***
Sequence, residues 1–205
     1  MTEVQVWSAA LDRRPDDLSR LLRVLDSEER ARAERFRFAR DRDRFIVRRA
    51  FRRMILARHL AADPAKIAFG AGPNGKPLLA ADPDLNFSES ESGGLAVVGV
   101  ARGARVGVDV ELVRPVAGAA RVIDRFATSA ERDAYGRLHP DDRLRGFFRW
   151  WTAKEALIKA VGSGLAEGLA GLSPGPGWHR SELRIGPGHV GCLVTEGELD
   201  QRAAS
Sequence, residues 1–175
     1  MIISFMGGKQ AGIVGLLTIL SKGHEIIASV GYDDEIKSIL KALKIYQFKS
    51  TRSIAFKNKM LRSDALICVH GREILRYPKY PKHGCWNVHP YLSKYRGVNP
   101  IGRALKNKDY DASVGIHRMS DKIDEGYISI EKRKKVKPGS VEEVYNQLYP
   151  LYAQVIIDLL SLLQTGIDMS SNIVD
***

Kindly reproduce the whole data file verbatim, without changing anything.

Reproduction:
Sequence, residues 1–205
     1  MTEVQVWSAA LDRRPDDLSR LLRVLDSEER ARAERFRFAR DRDRFIVRRA
    51  FRRMILARHL AADPAKIAFG AGPNGKPLLA ADPDLNFSES ESGGLAVVGV
   101  ARGARVGVDV ELVRPVAGAA RVIDRFATSA ERDAYGRLHP DDRLRGFFRW
   151  WTAKEALIKA VGSGLAEGLA GLSPGPGWHR SELRIGPGHV GCLVTEGELD
   201  QRAAS
Sequence, residues 1–175
     1  MIISFMGGKQ AGIVGLLTIL SKGHEIIASV GYDDEIKSIL KALKIYQFKS
    51  TRSIAFKNKM LRSDALICVH GREILRYPKY PKHGCWNVHP YLSKYRGVNP
   101  IGRALKNKDY DASVGIHRMS DKIDEGYISI EKRKKVKPGS VEEVYNQLYP
   151  LYAQVIIDLL SLLQTGIDMS SNIVD